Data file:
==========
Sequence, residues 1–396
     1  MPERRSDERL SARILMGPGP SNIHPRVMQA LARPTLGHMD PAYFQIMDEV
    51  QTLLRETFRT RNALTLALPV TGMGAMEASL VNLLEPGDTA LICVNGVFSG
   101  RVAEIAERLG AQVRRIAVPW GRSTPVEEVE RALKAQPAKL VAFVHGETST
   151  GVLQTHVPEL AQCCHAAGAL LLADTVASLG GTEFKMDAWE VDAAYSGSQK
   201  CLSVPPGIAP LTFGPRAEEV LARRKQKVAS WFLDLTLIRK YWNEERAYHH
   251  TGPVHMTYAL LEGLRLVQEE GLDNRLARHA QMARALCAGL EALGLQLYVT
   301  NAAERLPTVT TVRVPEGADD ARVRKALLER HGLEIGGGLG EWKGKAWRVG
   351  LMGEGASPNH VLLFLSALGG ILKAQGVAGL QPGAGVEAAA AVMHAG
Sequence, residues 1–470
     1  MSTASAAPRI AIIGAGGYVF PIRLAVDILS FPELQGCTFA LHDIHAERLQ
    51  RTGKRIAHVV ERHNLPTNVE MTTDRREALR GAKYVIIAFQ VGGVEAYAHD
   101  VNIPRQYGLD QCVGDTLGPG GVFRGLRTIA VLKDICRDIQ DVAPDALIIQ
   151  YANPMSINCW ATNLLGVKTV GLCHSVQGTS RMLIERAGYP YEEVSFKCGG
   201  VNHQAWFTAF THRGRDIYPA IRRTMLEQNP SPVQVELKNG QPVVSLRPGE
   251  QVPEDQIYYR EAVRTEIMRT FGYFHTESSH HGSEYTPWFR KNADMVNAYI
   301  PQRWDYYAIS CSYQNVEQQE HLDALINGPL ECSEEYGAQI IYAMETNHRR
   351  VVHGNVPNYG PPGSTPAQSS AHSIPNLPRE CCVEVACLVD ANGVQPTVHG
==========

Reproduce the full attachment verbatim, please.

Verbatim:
Sequence, residues 1–396
     1  MPERRSDERL SARILMGPGP SNIHPRVMQA LARPTLGHMD PAYFQIMDEV
    51  QTLLRETFRT RNALTLALPV TGMGAMEASL VNLLEPGDTA LICVNGVFSG
   101  RVAEIAERLG AQVRRIAVPW GRSTPVEEVE RALKAQPAKL VAFVHGETST
   151  GVLQTHVPEL AQCCHAAGAL LLADTVASLG GTEFKMDAWE VDAAYSGSQK
   201  CLSVPPGIAP LTFGPRAEEV LARRKQKVAS WFLDLTLIRK YWNEERAYHH
   251  TGPVHMTYAL LEGLRLVQEE GLDNRLARHA QMARALCAGL EALGLQLYVT
   301  NAAERLPTVT TVRVPEGADD ARVRKALLER HGLEIGGGLG EWKGKAWRVG
   351  LMGEGASPNH VLLFLSALGG ILKAQGVAGL QPGAGVEAAA AVMHAG
Sequence, residues 1–470
     1  MSTASAAPRI AIIGAGGYVF PIRLAVDILS FPELQGCTFA LHDIHAERLQ
    51  RTGKRIAHVV ERHNLPTNVE MTTDRREALR GAKYVIIAFQ VGGVEAYAHD
   101  VNIPRQYGLD QCVGDTLGPG GVFRGLRTIA VLKDICRDIQ DVAPDALIIQ
   151  YANPMSINCW ATNLLGVKTV GLCHSVQGTS RMLIERAGYP YEEVSFKCGG
   201  VNHQAWFTAF THRGRDIYPA IRRTMLEQNP SPVQVELKNG QPVVSLRPGE
   251  QVPEDQIYYR EAVRTEIMRT FGYFHTESSH HGSEYTPWFR KNADMVNAYI
   301  PQRWDYYAIS CSYQNVEQQE HLDALINGPL ECSEEYGAQI IYAMETNHRR
   351  VVHGNVPNYG PPGSTPAQSS AHSIPNLPRE CCVEVACLVD ANGVQPTVHG